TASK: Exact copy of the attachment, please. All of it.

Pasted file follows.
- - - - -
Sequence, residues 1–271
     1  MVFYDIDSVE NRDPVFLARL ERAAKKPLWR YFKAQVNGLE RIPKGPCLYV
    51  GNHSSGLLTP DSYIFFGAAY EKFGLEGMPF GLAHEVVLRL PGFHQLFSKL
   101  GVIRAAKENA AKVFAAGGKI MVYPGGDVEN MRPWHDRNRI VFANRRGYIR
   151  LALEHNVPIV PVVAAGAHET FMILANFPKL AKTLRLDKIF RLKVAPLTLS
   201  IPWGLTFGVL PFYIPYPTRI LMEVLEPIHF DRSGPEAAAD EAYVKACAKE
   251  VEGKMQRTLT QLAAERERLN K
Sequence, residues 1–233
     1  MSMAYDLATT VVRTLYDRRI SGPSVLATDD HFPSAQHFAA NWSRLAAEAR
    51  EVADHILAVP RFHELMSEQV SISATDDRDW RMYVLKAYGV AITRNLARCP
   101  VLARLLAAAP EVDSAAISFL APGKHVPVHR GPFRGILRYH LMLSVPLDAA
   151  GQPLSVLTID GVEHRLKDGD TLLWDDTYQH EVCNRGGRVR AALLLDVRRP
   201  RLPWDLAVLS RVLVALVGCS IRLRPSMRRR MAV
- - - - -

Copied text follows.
Sequence, residues 1–271
     1  MVFYDIDSVE NRDPVFLARL ERAAKKPLWR YFKAQVNGLE RIPKGPCLYV
    51  GNHSSGLLTP DSYIFFGAAY EKFGLEGMPF GLAHEVVLRL PGFHQLFSKL
   101  GVIRAAKENA AKVFAAGGKI MVYPGGDVEN MRPWHDRNRI VFANRRGYIR
   151  LALEHNVPIV PVVAAGAHET FMILANFPKL AKTLRLDKIF RLKVAPLTLS
   201  IPWGLTFGVL PFYIPYPTRI LMEVLEPIHF DRSGPEAAAD EAYVKACAKE
   251  VEGKMQRTLT QLAAERERLN K
Sequence, residues 1–233
     1  MSMAYDLATT VVRTLYDRRI SGPSVLATDD HFPSAQHFAA NWSRLAAEAR
    51  EVADHILAVP RFHELMSEQV SISATDDRDW RMYVLKAYGV AITRNLARCP
   101  VLARLLAAAP EVDSAAISFL APGKHVPVHR GPFRGILRYH LMLSVPLDAA
   151  GQPLSVLTID GVEHRLKDGD TLLWDDTYQH EVCNRGGRVR AALLLDVRRP
   201  RLPWDLAVLS RVLVALVGCS IRLRPSMRRR MAV